Sandusky's Maui Sands waterpark has its doors locked

SANDUSKY As Maui Sands Resort restructures, another company will take charge. Erie Co
Annie Zelm
May 24, 2010



As Maui Sands Resort restructures, another company will take charge.

Erie County Common Pleas Court appointed a receiver -- a Cleveland-based consulting firm specializing in financial restructuring -- to manage the resort's assets.

Representatives of the receiver came to the resort Wednesday afternoon and ordered the seven remaining employees at Maui Sands to leave. Officers from the Perkins Police department stood by as the employees gathered their belongings, according to a police report released Monday.

The receiver will hire back some or all of the seven staff members as he chooses interim management, Maui Sands owner Scott Emerson said in an e-mailed response.

A receivership is similar to Chapter 11 bankruptcy but is filed by a creditor rather than the company itself. It is arranged by a state court and gives the company less control over its assets than a Chapter 11 bankruptcy, said James L. Childress, who specializes in business and labor litigation at Calhoun, Kademenos & Childress, where he is a partner.

The largest creditor, typically the bank with which a company has a loan, asks to appoint a receiver to protect its assets. Childress, who is not involved in the Maui Sands case, said such an arrangement generally helps employees who are awaiting payment.

"Other than the government getting its taxes, someone who worked for a company (and hasn't been paid) gets first dibs on the assets, but they may need to hire a lawyer to get that money back," Childress said. "In a case like this, everybody who is owed money by this corporation has their hand out, and those who do the right things and comply with the laws are more likely to get it."

The resort laid off nearly 100 of its employees when it shut its doors Thanksgiving Day, citing a need to raise more capital and complete unfinished construction.

Childress said employees should individually file for unemployment benefits if they haven't already and should consider collectively hiring an attorney if they are not paid soon.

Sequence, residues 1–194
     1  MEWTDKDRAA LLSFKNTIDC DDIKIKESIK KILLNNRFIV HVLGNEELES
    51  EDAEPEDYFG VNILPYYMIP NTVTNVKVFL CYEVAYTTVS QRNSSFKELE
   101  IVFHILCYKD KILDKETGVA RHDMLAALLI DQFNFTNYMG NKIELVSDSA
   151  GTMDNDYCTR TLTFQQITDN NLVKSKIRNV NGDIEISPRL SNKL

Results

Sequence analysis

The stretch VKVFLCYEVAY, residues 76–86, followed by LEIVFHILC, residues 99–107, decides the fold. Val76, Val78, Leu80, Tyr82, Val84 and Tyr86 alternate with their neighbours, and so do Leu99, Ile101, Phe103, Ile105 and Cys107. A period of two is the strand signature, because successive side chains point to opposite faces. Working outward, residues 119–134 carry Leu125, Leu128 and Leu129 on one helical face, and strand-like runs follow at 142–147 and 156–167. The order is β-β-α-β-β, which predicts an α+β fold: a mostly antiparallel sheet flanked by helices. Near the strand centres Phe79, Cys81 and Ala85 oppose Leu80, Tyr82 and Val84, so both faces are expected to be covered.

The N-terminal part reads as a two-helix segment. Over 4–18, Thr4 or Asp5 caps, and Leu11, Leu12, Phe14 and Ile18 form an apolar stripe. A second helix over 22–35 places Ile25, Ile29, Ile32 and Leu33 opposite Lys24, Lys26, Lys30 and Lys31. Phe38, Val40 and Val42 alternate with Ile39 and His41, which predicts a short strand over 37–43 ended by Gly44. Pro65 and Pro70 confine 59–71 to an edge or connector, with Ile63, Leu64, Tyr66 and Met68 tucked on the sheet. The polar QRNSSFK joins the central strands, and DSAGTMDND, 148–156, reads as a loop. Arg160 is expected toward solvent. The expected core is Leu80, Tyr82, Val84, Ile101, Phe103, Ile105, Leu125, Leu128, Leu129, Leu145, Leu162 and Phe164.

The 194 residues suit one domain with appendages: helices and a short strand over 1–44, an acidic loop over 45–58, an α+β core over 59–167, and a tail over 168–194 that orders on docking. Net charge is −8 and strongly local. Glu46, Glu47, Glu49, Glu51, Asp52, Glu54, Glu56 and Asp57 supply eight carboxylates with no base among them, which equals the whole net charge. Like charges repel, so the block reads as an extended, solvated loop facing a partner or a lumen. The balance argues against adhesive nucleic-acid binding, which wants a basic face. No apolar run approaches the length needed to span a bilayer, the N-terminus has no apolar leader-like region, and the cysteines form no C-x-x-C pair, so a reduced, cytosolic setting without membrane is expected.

By state law, the Ohio Department of Commerce has the authority to order that a company pay its employees at least the state minimum wage if they do not receive their last paycheck after being laid off.

Employees are also entitled to a damage fee equal to double what they are owed, Department of Commerce spokesman Dennis Ginty said. If they are owed $100, for instance, they would be entitled to $200 in damages for a total of $300.

In cases when employees are not properly paid, the Department of Commerce can conduct an investigation and send a letter to notify the owner.

If wages are not paid within 30 days of notification, Ginty said, the case is forwarded to the attorney general's office for collection. Ginty's office has not received any complaints from Maui Sands employees to date, but he encouraged any employees still awaiting payment to file a one with the department's Web site.

Sheri Glenaman, a former Maui Sands employee, said she and many of her colleagues are still awaiting paychecks for several weeks of work.

"Fortunately, I'm in a position where I don't need to work ... so I just don't get to go out to eat as much," said Glenaman, 44. "I worked to have extra money for fun things -- but there are people there who lived paycheck to paycheck, and when it takes three weeks to get a check ... I feel bad for those people who have families to support."

Another employee who asked to remain anonymous said many of the employees are afraid to speak out against owner Scott Emerson because he's promised them their jobs back when the resort is slated to reopen in May.

The woman said she wouldn't consider going back to the resort unless new management took over.

"I can't go back to going week to week, not knowing if I'll get paid," she said.

Emerson said although there has been a delay in payment for all employees, the receiver is now in control of payment and plans to make employee paychecks a priority.

Employees still awaiting payment should file for unemployment benefits and may also file a minimum wage/overtime complaint with the Ohio Department of Commerce at

Related article: Dec. 7, 2008 - Is Sandusky area drowning in waterparks?